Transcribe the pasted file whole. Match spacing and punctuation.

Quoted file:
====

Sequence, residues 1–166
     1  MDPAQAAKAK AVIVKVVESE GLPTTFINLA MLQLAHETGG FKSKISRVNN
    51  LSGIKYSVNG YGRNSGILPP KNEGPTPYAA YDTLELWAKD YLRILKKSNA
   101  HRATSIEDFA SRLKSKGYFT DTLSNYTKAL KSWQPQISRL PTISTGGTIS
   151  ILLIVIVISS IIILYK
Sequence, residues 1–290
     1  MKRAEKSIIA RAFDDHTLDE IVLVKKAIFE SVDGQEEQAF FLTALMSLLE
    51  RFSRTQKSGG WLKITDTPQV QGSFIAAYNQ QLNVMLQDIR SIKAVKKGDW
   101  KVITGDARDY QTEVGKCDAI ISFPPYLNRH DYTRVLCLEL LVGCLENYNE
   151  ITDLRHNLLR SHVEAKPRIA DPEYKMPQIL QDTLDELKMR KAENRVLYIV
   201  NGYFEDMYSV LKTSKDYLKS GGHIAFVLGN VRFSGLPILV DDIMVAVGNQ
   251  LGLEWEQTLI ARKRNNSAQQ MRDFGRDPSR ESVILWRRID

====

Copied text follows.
Sequence, residues 1–166
     1  MDPAQAAKAK AVIVKVVESE GLPTTFINLA MLQLAHETGG FKSKISRVNN
    51  LSGIKYSVNG YGRNSGILPP KNEGPTPYAA YDTLELWAKD YLRILKKSNA
   101  HRATSIEDFA SRLKSKGYFT DTLSNYTKAL KSWQPQISRL PTISTGGTIS
   151  ILLIVIVISS IIILYK
Sequence, residues 1–290
     1  MKRAEKSIIA RAFDDHTLDE IVLVKKAIFE SVDGQEEQAF FLTALMSLLE
    51  RFSRTQKSGG WLKITDTPQV QGSFIAAYNQ QLNVMLQDIR SIKAVKKGDW
   101  KVITGDARDY QTEVGKCDAI ISFPPYLNRH DYTRVLCLEL LVGCLENYNE
   151  ITDLRHNLLR SHVEAKPRIA DPEYKMPQIL QDTLDELKMR KAENRVLYIV
   201  NGYFEDMYSV LKTSKDYLKS GGHIAFVLGN VRFSGLPILV DDIMVAVGNQ
   251  LGLEWEQTLI ARKRNNSAQQ MRDFGRDPSR ESVILWRRID